Tag Archives: 924 Gilman

924 Gilman landlord speaks

2 Jun

by Jessica Boudevin

Venues Today is keeping tabs on the situation at 924 Gilman in Berkely, Calif. After yesterday’s story about how the punk club was in danger of losing its lease after its rent went up $2,7000, we received an email from  landlord Jim Widess explaining his side of the story.

Widess owns both the building at 924 Gilman and The Caning Shop next door. He admits that the economy has been particularly hard on The Caning Shop, which has been in operation for 42 years, and that the rent increase is a sort of compromise to avoid selling the buildings. Widess insists that he has “been supportive of 924 Gilman since it’s inception,” and though he considered selling the building on the advice of realtors, maintained his viewpoint that, ” that was not an option for us.  The club is too important – and the chances are slim that they could really open anywhere else.”

He “looks forward to better times” for both his shop and the club; considering the compromise on rent the only option that would allow his properties to function. As far as opinions that Berkeley is ready to forget 924 Gilman altogether, Widess attests that “the neighborhood has always been supportive of the club and what it brings to Berkeley as a resource.” He brings up the fact that nearly everything on the street besides 924 Gilman, The Caning Shop, and The Pyramid Brewing Company are closed; and other businesses near there close by 10 o’clock at night—long before the punks are ready to call it a night. “So as long as the members are considerate of the neighbors when going home, there is really no conflict at all.”

He insists that “there is only one side of the issue:  How to keep 924 Gilman and The Caning Shop both prospering and growing in these difficult times.  We really want a win-win for both of our concerns and with the excellent leadership of the club, it’s happening!”

We hope that he’s right and that both 924 Gilman, and the other businesses on Gilman street, will thrive soon!

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Legendary Punk Venue Might Be Forced To Close Doors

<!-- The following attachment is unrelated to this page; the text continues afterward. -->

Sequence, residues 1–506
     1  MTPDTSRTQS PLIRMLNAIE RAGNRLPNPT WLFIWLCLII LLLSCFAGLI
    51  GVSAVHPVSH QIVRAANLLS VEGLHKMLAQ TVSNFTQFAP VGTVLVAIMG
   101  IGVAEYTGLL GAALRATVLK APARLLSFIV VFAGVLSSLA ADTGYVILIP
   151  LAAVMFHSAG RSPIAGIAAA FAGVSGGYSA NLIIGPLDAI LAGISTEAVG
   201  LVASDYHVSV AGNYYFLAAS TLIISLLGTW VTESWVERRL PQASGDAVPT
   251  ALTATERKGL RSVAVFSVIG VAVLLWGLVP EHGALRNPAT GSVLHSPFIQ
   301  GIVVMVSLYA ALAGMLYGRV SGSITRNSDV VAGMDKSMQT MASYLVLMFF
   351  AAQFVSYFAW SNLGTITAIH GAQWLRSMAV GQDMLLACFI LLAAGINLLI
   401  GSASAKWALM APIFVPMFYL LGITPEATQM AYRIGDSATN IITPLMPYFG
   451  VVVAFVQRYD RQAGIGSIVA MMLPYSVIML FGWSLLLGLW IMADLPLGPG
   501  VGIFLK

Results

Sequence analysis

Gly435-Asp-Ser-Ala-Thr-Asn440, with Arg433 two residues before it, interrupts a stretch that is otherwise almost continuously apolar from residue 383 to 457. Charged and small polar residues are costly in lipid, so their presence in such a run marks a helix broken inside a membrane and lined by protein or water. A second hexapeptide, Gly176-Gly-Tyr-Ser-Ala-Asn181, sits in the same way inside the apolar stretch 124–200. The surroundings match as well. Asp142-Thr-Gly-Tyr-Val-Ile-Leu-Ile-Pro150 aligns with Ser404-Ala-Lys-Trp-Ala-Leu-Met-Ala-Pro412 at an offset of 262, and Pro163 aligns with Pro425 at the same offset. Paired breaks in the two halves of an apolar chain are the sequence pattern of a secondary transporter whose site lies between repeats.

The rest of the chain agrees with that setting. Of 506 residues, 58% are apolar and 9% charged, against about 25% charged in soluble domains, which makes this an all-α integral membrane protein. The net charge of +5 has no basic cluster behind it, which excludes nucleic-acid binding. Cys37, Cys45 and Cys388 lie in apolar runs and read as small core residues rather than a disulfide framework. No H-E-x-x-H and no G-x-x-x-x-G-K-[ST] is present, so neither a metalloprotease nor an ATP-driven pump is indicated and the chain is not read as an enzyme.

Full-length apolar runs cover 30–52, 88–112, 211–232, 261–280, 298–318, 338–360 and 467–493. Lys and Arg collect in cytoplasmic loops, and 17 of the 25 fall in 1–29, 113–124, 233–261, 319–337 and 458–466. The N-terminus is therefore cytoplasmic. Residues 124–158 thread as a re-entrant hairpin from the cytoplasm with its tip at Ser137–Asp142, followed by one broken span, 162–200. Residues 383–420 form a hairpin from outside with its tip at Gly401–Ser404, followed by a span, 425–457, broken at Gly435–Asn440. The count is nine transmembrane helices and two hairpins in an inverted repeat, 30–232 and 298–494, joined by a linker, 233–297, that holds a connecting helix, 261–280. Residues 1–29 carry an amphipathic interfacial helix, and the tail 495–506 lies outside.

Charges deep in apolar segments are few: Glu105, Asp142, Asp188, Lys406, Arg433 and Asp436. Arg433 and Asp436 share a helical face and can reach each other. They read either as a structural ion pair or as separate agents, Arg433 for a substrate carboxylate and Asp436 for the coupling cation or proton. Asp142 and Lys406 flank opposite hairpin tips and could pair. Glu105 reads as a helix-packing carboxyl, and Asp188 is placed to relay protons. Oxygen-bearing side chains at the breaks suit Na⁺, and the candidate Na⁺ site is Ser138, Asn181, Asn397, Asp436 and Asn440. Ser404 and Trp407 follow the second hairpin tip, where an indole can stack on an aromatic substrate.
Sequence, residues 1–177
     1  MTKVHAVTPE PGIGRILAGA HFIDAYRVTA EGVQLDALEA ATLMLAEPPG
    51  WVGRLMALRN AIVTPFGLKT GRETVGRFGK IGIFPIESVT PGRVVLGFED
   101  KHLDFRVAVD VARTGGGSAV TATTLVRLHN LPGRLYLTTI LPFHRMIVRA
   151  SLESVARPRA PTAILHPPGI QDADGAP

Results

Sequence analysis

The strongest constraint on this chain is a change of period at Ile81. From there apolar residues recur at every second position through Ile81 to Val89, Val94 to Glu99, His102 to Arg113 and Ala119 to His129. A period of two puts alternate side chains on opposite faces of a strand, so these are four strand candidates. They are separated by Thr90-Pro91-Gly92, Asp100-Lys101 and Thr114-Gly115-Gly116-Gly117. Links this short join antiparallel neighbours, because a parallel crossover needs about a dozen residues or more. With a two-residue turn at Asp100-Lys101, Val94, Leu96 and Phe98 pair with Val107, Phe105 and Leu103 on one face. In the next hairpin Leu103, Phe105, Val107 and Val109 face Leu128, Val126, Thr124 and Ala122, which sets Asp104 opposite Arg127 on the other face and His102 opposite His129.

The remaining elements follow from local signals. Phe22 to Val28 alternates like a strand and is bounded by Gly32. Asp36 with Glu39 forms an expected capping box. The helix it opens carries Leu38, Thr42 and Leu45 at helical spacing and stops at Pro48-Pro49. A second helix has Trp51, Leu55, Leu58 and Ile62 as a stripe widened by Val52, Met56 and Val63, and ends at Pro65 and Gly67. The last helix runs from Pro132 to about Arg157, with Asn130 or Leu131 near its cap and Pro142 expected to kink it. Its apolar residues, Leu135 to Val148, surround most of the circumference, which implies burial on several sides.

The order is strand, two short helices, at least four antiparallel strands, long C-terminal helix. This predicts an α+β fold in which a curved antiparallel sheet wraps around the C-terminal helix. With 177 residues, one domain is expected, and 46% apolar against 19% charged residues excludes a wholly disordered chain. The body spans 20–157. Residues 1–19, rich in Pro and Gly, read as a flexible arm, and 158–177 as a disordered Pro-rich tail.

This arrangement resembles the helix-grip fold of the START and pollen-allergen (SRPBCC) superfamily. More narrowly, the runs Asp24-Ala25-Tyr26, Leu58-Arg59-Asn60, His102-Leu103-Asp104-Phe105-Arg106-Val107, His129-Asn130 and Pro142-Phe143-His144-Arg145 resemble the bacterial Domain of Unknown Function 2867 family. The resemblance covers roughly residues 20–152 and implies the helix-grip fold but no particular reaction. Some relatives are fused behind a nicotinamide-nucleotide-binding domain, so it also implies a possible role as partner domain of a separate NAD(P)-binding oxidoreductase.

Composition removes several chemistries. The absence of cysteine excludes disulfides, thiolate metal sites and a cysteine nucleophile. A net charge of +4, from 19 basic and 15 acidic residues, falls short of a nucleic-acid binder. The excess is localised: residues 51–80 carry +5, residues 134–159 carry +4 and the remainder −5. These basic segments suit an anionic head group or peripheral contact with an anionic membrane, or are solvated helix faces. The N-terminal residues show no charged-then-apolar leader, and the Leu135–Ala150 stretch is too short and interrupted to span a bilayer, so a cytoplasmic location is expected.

1 Jun

by Jessica Boudevin

Editor’s Note: 924 Gilman was a favorite teenage hangout for VT editor Dave Brooks. Growing up in Contra Costa County, just across the Caldecott Tunnel from Berkeley, he attended dozens of punk shows at this small cooperative venue. Two of his close college pals made a documentary film about this small club, and carloads of friends would meet at the club to see bands like A.F.I., Redemption 87 and the Swingin Utters — all Bay Area bands. The Gilman is one of the reasons that Dave got into the music business. If you’d like to share your stories about the Gilman, please email dave@venuestoday.com. We’ll be posting individual stories about the Berkeley club on our blog throughout the month.

Iconic Berkeley, Calif. punk venue, 924 Gilman, might have to permanently close after facing drastic rent hikes. On July 1, 2010, rent will jump from around $4,300 per month to almost $7,000.  The venue will have to come up with an additional $31,000 each year just to cover the difference, and that’s before the other expenses of putting on shows.

With the neighborhood around the venue being built up, and cleaned up, the dingy punk haven is having trouble fitting in. Though the club has dealt with steady rent increases in the past, but organizers at this not-for-profit organization are unsure how long they will be able to meet this sudden, much higher rent.

At the moment, 924 Gilman is asking for donations, even offering incentives like tote bags for those who can afford to donate over $25. However, begging for change can only provide assistance for a short period of time. The long-term strategies to combat the rent increase is for the club, which has long called itself non-profit, to officially attain non-profit status, according the club’s MySpace blog. Once considered a non-profit , 924 Gilman will be able to apply for government grants to keep their punk-rock dreams alive.

Named after it’s street address, 924 Gilman has served as the hub for up and coming punk artists since the 80s. Many bands, most notably Rancid, Green Day, Bad Religion and NOFX, used the venue to get their start in the punk scene.

Check out the latest update on the rent situation in this blog post from the official Gilman St Booking myspace.

A typical rowdy crowd at 924 Gilman.

Green Day at 924 Gilman.